Our Beliefs

This text has been translated into Español


We want people to read our books, even if they read them for free. This isn’t anything revolutionary – unless your local librarian is a subversive of the highest order.

To best accomplish this goal we release all of our books online for free. Because we know how good ‘real’ books feel in your hands, we also price our trade-paperbacks via a sliding scale system in which the base price is the cost for us to ship you a book (we don’t make a penny) and you set the final price by choosing what you’d like to contribute (if anything) to the creative team behind it (most of which goes to the author). You can’t ever be ripped off. We call this pro-artist, pro-audience system neo-patronage.

There are a whole bunch of reasons we are doing this. Some of them are idealistic (we trust people!). Some of them are economic (we want everyone to be able to afford our books!). Some of them are philosophical (we believe it is a better system!). Some of them are technological (flow with technology, don’t fight it!).

But really, it comes down to something very simple: I sat down and tried to figure out a system of commerce that was as ‘pure’ as possible. One free of greed. One that gave as many people as possible the ability to be a part of it, whether as artist or audience. One which allowed the artists who excelled to be compensated and thus continue to create art. And this system of neo-patronage is what I came up with. Is it perfect? Will it work? Questions, questions, and there’s no way to know the answers until it’s been tried. And so I am, with the help and dedication of others who want to see this system thrive.

(one – it makes sense)

Technology changes the world, whether people want it to or not. The printing press, the telephone and the car have all re-mapped the world. New technologies can bring down kings and churches, can restructure our lives right in front of our eyes. One thing is certain – we are no longer tied to traditional means of distribution (case in point, when was the last time a milkman delivered to your door?)

Rather than fight technology, we’ve decided to flow with it. Rather than ‘protect’ our ‘intellectual property’ with DRM and other consumer-unfriendly practices, we’re offering it all for free. Rather than fight against P2P and related technologies, we’ll embrace them.

Which, of course, leaves that one burning question: how does the artist get paid? We think the answer is something along the lines of neo-patronage, and we’re willing to put our money, time, and effort where our mouth is.

(two – the audience is the sole arbitrator of value)

We believe it would be better if individuals could decide the value of art after they experience it, not before. Few people, if any, would buy a painting sight unseen. Yet most of us often purchase music, films and books at a fixed price before we even know if the ‘product’ is actually any good. As a result we’ve created a market where we often support creativity based on the quality of the hype, not the quality of the actual creation. This in turn has lead to a downturn in quality because the bottom line doesn’t care whether or not you liked the movie/book/cd – you’ve already spent your money. There is little incentive to create better content when the industry knows they can simply hype the next half-assed thing that comes along.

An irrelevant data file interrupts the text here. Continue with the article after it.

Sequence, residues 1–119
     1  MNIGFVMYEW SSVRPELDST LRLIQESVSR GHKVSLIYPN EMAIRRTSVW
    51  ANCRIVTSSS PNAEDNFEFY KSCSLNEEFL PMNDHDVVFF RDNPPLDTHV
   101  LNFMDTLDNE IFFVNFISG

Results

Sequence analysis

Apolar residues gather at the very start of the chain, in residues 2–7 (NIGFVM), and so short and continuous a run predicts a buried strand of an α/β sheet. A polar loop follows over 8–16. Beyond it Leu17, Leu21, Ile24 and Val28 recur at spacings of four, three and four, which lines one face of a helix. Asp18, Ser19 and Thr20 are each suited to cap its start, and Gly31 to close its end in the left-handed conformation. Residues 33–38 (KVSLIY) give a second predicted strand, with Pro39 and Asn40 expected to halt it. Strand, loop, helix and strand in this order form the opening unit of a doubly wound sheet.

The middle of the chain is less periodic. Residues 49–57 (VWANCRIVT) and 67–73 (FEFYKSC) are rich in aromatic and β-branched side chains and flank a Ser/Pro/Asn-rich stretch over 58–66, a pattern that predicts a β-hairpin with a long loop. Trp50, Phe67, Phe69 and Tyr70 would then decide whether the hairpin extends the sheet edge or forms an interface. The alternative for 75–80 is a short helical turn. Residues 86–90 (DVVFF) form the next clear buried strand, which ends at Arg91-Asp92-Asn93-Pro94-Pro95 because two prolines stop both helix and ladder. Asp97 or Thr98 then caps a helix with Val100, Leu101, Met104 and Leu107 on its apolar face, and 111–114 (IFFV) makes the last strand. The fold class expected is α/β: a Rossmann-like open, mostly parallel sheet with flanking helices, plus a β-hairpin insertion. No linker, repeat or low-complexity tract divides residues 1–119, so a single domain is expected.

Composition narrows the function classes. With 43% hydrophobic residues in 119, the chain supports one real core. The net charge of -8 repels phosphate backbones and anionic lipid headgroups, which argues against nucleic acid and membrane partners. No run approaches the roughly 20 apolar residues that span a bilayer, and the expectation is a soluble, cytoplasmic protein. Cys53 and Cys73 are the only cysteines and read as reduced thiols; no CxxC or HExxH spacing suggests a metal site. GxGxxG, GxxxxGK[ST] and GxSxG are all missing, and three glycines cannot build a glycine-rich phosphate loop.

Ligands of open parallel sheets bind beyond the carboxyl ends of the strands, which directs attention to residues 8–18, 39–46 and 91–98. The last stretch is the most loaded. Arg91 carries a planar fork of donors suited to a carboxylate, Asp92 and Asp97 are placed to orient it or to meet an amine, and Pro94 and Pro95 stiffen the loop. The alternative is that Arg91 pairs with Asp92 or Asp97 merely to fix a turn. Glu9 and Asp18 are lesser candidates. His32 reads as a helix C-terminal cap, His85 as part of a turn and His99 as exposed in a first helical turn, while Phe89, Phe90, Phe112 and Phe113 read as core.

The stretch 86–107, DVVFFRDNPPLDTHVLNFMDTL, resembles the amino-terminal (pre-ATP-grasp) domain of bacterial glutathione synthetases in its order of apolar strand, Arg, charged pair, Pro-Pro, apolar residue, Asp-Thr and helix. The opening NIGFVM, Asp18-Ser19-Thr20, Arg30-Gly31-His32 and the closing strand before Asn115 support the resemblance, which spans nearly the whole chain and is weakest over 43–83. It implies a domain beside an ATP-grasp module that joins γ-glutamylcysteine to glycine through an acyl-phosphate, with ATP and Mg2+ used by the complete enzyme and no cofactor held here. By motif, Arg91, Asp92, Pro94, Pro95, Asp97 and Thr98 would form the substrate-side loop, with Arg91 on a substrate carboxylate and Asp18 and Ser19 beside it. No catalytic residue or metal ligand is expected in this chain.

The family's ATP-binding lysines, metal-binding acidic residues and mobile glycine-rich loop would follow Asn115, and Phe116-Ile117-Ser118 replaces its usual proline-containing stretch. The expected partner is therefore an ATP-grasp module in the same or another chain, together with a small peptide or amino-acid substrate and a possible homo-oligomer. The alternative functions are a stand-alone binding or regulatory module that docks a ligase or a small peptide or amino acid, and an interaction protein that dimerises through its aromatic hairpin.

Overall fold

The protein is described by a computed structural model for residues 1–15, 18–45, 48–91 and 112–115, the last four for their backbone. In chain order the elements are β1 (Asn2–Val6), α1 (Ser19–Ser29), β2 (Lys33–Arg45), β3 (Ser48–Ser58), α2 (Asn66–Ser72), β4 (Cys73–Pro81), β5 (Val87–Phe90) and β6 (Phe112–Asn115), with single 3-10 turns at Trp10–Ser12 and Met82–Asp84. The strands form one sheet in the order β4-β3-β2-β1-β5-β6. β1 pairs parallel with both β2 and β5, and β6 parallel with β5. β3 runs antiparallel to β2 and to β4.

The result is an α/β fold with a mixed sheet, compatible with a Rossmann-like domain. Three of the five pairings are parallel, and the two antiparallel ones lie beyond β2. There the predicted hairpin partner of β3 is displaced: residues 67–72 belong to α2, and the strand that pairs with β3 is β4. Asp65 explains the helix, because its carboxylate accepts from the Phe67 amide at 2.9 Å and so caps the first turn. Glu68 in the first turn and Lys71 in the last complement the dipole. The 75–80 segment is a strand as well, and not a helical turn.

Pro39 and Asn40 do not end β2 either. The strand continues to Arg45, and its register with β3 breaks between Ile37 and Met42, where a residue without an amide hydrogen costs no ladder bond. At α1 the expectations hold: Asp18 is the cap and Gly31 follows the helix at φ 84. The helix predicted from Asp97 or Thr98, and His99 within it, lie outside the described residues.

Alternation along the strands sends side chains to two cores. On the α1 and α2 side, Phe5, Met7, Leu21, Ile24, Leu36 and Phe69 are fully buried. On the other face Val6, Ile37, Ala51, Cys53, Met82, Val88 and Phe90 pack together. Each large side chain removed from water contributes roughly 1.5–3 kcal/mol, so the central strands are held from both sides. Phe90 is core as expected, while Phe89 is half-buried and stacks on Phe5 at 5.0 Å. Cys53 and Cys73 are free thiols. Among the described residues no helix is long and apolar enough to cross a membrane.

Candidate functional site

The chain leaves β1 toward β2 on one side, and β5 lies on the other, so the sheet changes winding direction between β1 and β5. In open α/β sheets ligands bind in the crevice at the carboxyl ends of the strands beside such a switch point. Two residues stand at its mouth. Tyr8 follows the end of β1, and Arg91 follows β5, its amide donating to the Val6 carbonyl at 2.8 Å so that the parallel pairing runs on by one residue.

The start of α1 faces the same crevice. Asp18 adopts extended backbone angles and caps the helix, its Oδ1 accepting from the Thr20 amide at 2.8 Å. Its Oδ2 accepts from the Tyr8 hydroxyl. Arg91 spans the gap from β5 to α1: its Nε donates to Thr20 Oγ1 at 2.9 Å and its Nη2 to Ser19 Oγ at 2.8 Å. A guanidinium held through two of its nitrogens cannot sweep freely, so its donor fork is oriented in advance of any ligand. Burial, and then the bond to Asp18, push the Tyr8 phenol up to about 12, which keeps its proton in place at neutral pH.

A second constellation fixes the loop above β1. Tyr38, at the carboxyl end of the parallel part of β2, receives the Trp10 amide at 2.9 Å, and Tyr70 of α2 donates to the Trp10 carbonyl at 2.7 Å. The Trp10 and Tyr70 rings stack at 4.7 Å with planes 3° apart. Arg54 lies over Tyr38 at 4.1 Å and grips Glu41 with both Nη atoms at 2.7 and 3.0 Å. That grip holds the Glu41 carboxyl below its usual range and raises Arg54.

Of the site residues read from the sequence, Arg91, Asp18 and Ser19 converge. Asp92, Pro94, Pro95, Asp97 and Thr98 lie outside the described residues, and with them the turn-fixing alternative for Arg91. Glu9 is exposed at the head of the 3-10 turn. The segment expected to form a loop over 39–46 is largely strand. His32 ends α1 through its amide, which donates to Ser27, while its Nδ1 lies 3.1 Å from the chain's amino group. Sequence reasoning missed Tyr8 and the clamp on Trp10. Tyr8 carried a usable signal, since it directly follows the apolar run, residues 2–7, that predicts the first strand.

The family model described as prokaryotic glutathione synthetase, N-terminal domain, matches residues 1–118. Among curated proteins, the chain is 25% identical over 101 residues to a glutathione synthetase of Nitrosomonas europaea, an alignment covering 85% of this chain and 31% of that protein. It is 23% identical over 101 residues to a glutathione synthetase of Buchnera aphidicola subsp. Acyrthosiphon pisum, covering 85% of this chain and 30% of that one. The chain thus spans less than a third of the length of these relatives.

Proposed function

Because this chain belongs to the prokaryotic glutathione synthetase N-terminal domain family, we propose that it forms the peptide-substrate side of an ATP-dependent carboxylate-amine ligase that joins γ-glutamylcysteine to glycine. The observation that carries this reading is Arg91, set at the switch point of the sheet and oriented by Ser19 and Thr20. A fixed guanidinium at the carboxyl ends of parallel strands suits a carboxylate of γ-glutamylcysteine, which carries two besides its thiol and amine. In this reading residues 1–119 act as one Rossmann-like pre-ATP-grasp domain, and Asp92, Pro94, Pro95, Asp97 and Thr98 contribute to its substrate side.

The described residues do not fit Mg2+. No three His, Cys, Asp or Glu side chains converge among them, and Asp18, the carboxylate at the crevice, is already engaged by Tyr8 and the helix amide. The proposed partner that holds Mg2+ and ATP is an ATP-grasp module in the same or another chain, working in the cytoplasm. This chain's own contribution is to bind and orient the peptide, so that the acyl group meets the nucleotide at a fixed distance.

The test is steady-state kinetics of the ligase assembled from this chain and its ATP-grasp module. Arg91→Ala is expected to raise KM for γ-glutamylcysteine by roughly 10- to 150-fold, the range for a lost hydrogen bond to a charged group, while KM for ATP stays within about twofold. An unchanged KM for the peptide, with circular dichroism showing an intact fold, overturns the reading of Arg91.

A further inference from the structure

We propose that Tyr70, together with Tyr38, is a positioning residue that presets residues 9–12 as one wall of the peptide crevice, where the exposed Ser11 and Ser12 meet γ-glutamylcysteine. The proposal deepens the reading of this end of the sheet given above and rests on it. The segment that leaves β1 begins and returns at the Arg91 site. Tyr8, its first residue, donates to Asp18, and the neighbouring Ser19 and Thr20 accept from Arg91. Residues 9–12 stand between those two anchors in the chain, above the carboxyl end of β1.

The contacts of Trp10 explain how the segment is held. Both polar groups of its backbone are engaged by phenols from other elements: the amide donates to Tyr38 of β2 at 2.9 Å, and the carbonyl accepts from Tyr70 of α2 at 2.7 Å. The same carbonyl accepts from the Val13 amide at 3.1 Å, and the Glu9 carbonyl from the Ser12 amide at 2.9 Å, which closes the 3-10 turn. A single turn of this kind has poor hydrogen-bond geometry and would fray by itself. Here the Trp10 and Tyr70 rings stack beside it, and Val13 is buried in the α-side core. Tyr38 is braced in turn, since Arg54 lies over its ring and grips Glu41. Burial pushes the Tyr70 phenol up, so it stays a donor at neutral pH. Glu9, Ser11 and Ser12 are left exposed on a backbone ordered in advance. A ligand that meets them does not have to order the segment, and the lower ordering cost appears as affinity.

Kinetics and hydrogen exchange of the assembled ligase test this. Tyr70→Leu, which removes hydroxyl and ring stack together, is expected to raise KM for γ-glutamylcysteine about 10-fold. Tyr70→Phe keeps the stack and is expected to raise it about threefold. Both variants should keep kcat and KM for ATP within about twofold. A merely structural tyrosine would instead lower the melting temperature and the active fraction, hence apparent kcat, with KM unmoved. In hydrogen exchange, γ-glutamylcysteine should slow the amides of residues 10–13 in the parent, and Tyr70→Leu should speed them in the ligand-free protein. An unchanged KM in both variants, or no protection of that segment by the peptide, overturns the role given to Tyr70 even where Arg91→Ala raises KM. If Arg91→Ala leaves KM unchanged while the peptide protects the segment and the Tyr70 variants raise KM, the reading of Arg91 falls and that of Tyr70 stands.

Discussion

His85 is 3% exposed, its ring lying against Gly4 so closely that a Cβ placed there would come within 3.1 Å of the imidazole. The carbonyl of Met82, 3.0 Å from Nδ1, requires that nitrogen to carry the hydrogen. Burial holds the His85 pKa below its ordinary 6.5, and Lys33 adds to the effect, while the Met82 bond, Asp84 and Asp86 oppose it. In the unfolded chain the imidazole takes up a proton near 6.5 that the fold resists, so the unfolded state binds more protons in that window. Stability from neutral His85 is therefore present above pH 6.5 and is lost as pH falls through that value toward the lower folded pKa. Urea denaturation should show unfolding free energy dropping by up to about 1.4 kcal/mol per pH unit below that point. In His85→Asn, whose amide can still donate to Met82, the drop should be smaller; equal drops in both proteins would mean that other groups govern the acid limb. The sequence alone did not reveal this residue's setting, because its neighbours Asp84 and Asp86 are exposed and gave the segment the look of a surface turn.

Consider what people spend on music, films and books that they end up disliking. If this money weren’t wasted on inferior material, the collective audience would have more to spend on the artists that they love. The arts would flourish because money would be properly distributed to artists based on quality instead of filling the coffers of the already rich non-creators that control the hype industry.

(three – art for all)

Art should be for all, not for those who can afford it. Contribute when you can, if you can. Don’t feel guilty if you can’t contribute to every artist who you’ve enjoyed. Instead, be proud to contribute at a level that is comfortable to you both ethically and financially. If you have the means, by all means go above and beyond and generously support a few artists to ensure they can continue to create new work.

(four – support the artist)

There are some great, artist-friendly distributors around (CD Baby is a perfect example) but for the most part the culture industry is stacked against the artist. The perils of the music industry are well known, but the book publishing industry can be just as bad, if not worse.

We believe the money should go to the artist, not obsolete middle men hanging on to antiquated distribution paradigms. Period.

(five – dreams come true)

We believe this will work.

(in conclusion)

The corporations that currently have a strangle hold on our culture are not equipped for the impact of technology. They can not and will not adapt, for their profit lies in the realm of control and information consolidation, not freedom and information dissemination. We have the opportunity to reclaim our culture and we need to take it.

We believe a better system is for the audience to be under the honor system to contribute to those artists who have enriched their lives and to shun those who have wasted their time.

This is why we at Another Sky Press provide the entirety of our works online for free. We make no demands on our audience, we simply request that if you enjoy what we offer you that you show this via contributing to our authors or directly to us. We believe in you, and we can only hope you believe in us.

Read more on neo-patronage.

Embrace the future.

Support what you love.

Thank you for reading,
Another Sky Press